2010-2019 | Arms exports | Backing dictatorships | Bahrain

British arms play vital role in crushing Bahrain democracy protests

Tents burn as security forces storm Pearl Roundabout.
Bahrain in Pictures – CC BY-SA 3.0 – via Wikimedia Commons.

14 March 2011

On 14 March 2011, Saudi troops entered Bahrain in a vast column of Tacticas armoured personnel carriers, made by the British defence giant BAE Systems. It was a decisive intervention on the side of the Al Khalifa dictatorship to quell popular protests demanding greater democracy and respect for human rights. Britain had supplied the Al Khalifa regime with tear gas, sniper rifles and other weapons which were used during the crackdown.

Following the example of the February protests in Tahrir Square in Cairo, in which Egyptian demonstrators had succeeded in obtaining promises of constitutional reforms, Bahrainis had gathered in their thousands at Pearl Roundabout in Manama to press demands for modest political reforms. These included calls for a constitutional democracy under the existing monarchy with measures to combat corruption, a representative parliament based on free and fair elections and equal rights for the repressed Shia majority population. These demands, however, threatened the absolute power and privileges of the Sunni monarchy and elite, so Bahraini police moved in with a pre-dawn raid to brutally disperse the protest encampment on 17 February, in what became known as ‘Bloody Thursday.’1

During the following few weeks at least 35 Bahrainis were killed by security forces. Another 600 were detained without charge and many were simply disappeared in what Amnesty International described as a ‘relentless crackdown on human rights,’ which included almost every conceivable type of torture, directed mostly at the country’s majority Shia population who were not to be allowed any say in running the country. Even doctors and nurses who treated wounded protesters were targeted, Bahrain’s security forces detaining 48 of them by 2 May 2011.2

British arms and equipment were crucial in crushing the popular challenge to dictatorial rule. In just nine months in 2010, Britain had exported over £5 million worth of military equipment to the kingdom.3 There had also been for many years a wide scale military, logistical and intelligence cooperation between the two countries, which continued to flourish after the quelling of the democracy protests.  Britain did cancel a few export licenses in the immediate aftermath of the crackdown, but by June 2011 the Campaign Against the Arms Trade was reporting that it was ‘back to business as usual.’ The U.K. government issued licenses worth £1.3 million in the third quarter to cover equipment such as shotguns, pistols, small arms ammunition, assault rifles, and sniper rifles,’ essential military tools for the dictatorship to disperse and kill protesters on the streets.4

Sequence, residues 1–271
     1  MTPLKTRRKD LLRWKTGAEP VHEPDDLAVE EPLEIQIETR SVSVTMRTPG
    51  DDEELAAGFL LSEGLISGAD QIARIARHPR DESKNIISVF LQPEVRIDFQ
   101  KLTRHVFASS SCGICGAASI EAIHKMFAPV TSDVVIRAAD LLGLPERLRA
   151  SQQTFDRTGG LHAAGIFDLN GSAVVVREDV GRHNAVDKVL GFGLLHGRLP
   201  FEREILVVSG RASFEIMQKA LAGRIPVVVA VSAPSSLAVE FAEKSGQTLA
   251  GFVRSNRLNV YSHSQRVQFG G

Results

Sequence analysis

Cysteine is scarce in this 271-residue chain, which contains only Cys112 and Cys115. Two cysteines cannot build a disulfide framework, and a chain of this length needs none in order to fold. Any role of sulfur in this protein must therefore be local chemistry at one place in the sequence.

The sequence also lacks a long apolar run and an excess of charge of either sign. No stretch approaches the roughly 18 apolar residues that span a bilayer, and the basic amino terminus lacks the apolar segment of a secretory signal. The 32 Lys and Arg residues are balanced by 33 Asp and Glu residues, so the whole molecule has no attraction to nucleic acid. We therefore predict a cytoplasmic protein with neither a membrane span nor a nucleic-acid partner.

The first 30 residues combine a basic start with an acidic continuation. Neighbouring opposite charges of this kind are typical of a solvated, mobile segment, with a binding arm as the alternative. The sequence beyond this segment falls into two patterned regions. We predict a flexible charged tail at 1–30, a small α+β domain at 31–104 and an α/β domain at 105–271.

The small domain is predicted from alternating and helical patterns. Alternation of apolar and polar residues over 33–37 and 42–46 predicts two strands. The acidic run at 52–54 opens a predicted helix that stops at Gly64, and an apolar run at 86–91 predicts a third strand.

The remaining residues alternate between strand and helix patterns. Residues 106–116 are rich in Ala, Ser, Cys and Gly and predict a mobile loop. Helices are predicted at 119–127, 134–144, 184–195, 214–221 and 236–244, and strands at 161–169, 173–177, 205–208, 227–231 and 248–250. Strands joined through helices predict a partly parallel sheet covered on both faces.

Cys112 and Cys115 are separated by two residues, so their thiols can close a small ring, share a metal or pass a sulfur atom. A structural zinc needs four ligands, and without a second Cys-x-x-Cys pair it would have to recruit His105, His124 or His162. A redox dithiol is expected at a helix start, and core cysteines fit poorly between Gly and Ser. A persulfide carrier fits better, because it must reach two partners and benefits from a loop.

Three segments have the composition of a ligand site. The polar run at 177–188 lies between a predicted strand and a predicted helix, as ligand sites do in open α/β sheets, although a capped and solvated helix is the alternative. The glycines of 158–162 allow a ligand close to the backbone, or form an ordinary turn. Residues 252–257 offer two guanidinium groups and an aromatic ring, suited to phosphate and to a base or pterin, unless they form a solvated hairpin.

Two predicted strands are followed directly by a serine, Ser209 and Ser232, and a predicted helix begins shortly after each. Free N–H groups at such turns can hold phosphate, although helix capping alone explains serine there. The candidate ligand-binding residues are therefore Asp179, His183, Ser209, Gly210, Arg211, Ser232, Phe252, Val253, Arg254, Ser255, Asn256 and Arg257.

Protesters flee tear gas and the security forces.
Lewa’a Alnasr – CC BY-SA 3.0 – via Wikimedia Commons.

FOOTNOTES

  1. Mark Curtis, Secret Affairs: Britain’s Collusion with Radical Islam, Serpent’s Tail, London, 2012, pp. 372 – 375 and Michael Slackman and Nadim Audi, ‘Security Forces in Bahrain open fire on protesters,’ The New York Times, 18 February 2011 accessed at url https://www.nytimes.com/2011/02/19/world/middleeast/19bahrain.html
  2. ‘Bahrain Renews Emergency Law as Repression Persists,’ Amnesty International report, 4 May 2011 accessed at url https://www.amnesty.org/en/latest/news/2011/05/bahrain-renews-emergency-law-repression-persists/
  3. ‘Saudi Arabia uses UK-made armoured vehicles in Bahrain crackdown on democracy protesters,’ Campaign Against the Arms Trade, Press Release 16 March 2011 accessed at url https://www.caat.org.uk/media/press-releases/2011-03-16
  4. ‘Protest as UK continues to arm repression in Bahrain,’ Campaign Against the Arms Trade, 14 February 2012, accessed at url https://www.caat.org.uk/media/press-releases/2012-02-14 and Bahrain Watch, report to parliament, 19 November 2012 accessed at url https://publications.parliament.uk/pa/cm201314/cmselect/cmfaff/88/88vw36.htm

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